Petition calling for removal of statue in Boston’s Lincoln Square

BOSTON — People in Boston are calling for the city to remove the emancipation statue in Lincoln square.

The statue depicts a slave at the feet of Abraham Lincoln. An online petition has more than 7,800 signatures asking for the statue to be taken down.

It is a replica of the Emancipation Memorial in Washington D.C. and was erected in Lincoln Square in 1879. Now, to many, its image can be offensive and racist.

“What they tried to depict here was the figure rising up toward freedom but it’s unmistakable when you look at it that they really missed the mark on that,” said Raul Fernandez, Associate Dean for Equity, Diversity & Inclusion at Boston University Wheelock.

Fernandez has spent countless hours studying similar statues across the country.

“The paternalistic image we see in this statue here is emblematic of how slaveholders and even abolitionists viewed black people,” Fernandez said.

The man at the feet of Lincoln is named Archer Alexander. He was a slave in Missouri but Fernandez said at the time the statue was commissioned, Alexander wasn’t a free man.

“Archer Alexander lived in Missouri and was actually exempt from the Emancipation Proclamation at that time,” Fernandez said.

The original Emancipation Memorial in D.C., was paid for by former slaves but Fernandez said that even black abolitionist Fredrick Douglas had a problem with the design.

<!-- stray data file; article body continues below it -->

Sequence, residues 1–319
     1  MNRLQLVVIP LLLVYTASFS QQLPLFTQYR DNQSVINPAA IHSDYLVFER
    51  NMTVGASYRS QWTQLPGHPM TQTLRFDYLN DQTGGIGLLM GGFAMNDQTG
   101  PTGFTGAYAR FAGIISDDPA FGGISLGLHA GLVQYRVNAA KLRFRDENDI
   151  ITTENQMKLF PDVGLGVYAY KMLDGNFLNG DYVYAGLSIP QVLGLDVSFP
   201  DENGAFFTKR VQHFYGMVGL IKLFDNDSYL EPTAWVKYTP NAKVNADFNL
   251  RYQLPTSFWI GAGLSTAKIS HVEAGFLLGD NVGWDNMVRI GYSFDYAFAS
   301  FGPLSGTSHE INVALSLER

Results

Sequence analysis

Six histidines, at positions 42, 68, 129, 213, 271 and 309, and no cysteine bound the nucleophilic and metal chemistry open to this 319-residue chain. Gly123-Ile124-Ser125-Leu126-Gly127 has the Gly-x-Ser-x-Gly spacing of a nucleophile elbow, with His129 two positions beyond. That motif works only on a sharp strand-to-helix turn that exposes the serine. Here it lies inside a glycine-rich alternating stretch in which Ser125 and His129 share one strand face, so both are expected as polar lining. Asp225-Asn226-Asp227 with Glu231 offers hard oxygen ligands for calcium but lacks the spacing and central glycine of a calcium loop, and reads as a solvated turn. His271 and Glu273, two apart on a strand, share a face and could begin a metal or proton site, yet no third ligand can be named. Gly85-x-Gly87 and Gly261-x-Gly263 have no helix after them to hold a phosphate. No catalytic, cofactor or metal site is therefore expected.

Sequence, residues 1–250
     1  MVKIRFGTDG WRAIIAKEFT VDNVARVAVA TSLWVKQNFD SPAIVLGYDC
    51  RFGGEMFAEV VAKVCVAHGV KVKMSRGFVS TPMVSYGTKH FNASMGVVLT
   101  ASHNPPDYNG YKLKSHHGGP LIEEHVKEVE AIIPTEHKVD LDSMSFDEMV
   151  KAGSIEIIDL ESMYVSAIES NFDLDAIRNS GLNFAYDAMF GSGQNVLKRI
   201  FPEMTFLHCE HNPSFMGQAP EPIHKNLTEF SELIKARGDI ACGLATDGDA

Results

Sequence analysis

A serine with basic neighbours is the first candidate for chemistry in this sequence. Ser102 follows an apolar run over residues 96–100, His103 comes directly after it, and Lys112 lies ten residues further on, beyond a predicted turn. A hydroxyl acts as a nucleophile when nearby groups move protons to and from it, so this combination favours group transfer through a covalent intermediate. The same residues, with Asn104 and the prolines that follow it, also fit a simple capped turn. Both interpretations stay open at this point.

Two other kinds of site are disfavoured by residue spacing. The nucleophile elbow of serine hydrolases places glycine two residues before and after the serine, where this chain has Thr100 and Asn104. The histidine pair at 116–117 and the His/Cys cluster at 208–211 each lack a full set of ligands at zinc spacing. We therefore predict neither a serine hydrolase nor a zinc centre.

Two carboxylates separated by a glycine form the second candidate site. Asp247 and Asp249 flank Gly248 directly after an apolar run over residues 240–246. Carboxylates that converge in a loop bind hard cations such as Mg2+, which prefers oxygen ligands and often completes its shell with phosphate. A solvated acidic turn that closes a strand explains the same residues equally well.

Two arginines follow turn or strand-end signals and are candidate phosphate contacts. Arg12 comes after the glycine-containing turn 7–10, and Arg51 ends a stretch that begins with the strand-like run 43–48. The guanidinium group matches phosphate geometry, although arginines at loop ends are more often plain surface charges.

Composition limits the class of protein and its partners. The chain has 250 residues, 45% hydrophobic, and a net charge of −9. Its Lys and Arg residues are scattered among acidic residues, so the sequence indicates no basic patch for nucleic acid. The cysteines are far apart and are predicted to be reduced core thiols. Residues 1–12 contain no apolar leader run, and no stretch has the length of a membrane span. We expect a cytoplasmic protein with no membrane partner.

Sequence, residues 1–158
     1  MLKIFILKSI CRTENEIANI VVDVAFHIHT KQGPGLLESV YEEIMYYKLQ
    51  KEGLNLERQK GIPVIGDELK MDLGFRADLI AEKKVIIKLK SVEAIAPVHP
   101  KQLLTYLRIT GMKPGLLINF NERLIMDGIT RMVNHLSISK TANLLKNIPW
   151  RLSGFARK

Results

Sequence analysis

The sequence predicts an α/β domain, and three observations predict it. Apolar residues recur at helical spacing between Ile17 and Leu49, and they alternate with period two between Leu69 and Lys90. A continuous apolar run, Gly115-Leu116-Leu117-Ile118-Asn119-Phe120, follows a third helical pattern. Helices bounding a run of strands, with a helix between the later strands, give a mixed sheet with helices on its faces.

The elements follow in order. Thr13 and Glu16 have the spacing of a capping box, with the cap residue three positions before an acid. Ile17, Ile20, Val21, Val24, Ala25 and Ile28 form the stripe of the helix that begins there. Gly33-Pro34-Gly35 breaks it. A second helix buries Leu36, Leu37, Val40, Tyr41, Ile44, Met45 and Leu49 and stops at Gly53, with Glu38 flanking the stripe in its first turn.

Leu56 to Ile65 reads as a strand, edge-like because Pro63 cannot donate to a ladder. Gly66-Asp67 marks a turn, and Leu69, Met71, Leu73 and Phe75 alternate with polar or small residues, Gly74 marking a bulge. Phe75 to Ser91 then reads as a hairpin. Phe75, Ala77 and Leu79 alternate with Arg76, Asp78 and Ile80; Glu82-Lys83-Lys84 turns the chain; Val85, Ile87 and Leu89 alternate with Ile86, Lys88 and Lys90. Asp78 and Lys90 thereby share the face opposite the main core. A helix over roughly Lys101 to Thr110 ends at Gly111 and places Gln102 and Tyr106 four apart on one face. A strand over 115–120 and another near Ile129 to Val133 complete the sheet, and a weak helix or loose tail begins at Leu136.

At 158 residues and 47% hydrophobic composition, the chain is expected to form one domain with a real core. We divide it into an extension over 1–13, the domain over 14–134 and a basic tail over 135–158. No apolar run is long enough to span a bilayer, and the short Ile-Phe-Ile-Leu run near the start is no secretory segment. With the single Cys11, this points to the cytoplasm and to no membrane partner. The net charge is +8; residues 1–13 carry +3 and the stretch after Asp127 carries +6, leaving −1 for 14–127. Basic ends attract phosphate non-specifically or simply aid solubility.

“Fredrick Douglas comments, when the D.C. statue was unveiled said a more manly attitude would have been this figure standing up beside Lincoln not down at his feet,” Fernandez said.

A city official tells Boston 25 News that Mayor Marty Walsh is in favor of removing the statue but also interested in creating a dialogue with the community to recommission the statue into one that recognizes equality.

The statue is a monument that falls under the Arts Commission but the city is looking into what the process would entail.

In Springfield, a statue of Christopher Columbus was defaced over the weekend with spray paint. That has since been cleaned up.

In the North End, it’s unclear what will happen to the Columbus Statue that was recently beheaded and then removed for repairs.

The Boston Globe reports that an Italian-American group has come out in support of returning that statue to the park, where it has been since the late 1970s calling Columbus the first immigrant and the first missionary.

Those opposed to the statue say Columbus represents white supremacy over indigenous people.